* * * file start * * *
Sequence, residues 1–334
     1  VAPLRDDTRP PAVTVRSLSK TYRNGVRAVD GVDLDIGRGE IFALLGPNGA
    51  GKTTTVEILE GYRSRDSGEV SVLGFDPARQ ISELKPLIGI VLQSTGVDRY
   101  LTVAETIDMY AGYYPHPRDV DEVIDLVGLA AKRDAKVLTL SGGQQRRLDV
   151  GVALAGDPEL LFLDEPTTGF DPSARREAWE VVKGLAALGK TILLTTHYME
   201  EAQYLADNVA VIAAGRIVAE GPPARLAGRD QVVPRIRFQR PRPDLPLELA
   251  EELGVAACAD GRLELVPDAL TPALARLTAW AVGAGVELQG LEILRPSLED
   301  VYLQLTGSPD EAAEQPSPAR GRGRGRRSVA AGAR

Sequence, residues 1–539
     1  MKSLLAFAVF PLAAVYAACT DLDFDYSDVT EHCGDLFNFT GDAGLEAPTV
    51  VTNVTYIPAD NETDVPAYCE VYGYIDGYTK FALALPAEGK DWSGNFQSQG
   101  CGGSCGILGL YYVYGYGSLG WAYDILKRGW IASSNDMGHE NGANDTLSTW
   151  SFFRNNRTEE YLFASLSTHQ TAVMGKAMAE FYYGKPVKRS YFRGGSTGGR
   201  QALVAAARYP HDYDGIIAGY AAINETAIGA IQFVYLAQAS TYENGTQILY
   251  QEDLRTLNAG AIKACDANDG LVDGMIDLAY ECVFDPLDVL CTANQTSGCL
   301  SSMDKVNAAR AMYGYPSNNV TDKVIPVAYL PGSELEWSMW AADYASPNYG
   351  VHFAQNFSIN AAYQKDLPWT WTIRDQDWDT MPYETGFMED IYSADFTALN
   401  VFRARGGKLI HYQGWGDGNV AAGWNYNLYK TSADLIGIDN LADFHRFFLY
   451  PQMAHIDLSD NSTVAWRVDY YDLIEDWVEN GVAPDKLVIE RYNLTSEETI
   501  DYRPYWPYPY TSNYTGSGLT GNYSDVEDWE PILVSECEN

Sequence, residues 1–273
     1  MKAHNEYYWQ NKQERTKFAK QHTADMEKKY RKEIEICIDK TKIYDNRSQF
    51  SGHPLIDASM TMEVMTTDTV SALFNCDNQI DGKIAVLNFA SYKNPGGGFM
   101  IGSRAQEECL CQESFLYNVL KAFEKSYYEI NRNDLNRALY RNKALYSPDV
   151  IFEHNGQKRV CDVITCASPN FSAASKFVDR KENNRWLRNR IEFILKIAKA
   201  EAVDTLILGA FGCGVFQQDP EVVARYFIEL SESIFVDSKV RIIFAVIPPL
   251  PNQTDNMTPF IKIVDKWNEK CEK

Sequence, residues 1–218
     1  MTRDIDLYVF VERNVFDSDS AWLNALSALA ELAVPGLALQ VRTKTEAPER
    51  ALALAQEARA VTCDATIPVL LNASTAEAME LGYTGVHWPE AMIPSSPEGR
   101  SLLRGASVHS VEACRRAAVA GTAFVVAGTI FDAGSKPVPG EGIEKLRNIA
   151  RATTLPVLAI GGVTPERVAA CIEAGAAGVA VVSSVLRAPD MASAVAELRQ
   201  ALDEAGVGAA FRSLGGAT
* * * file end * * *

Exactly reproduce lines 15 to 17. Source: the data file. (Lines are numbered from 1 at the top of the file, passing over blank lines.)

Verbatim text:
   251  QEDLRTLNAG AIKACDANDG LVDGMIDLAY ECVFDPLDVL CTANQTSGCL
   301  SSMDKVNAAR AMYGYPSNNV TDKVIPVAYL PGSELEWSMW AADYASPNYG
   351  VHFAQNFSIN AAYQKDLPWT WTIRDQDWDT MPYETGFMED IYSADFTALN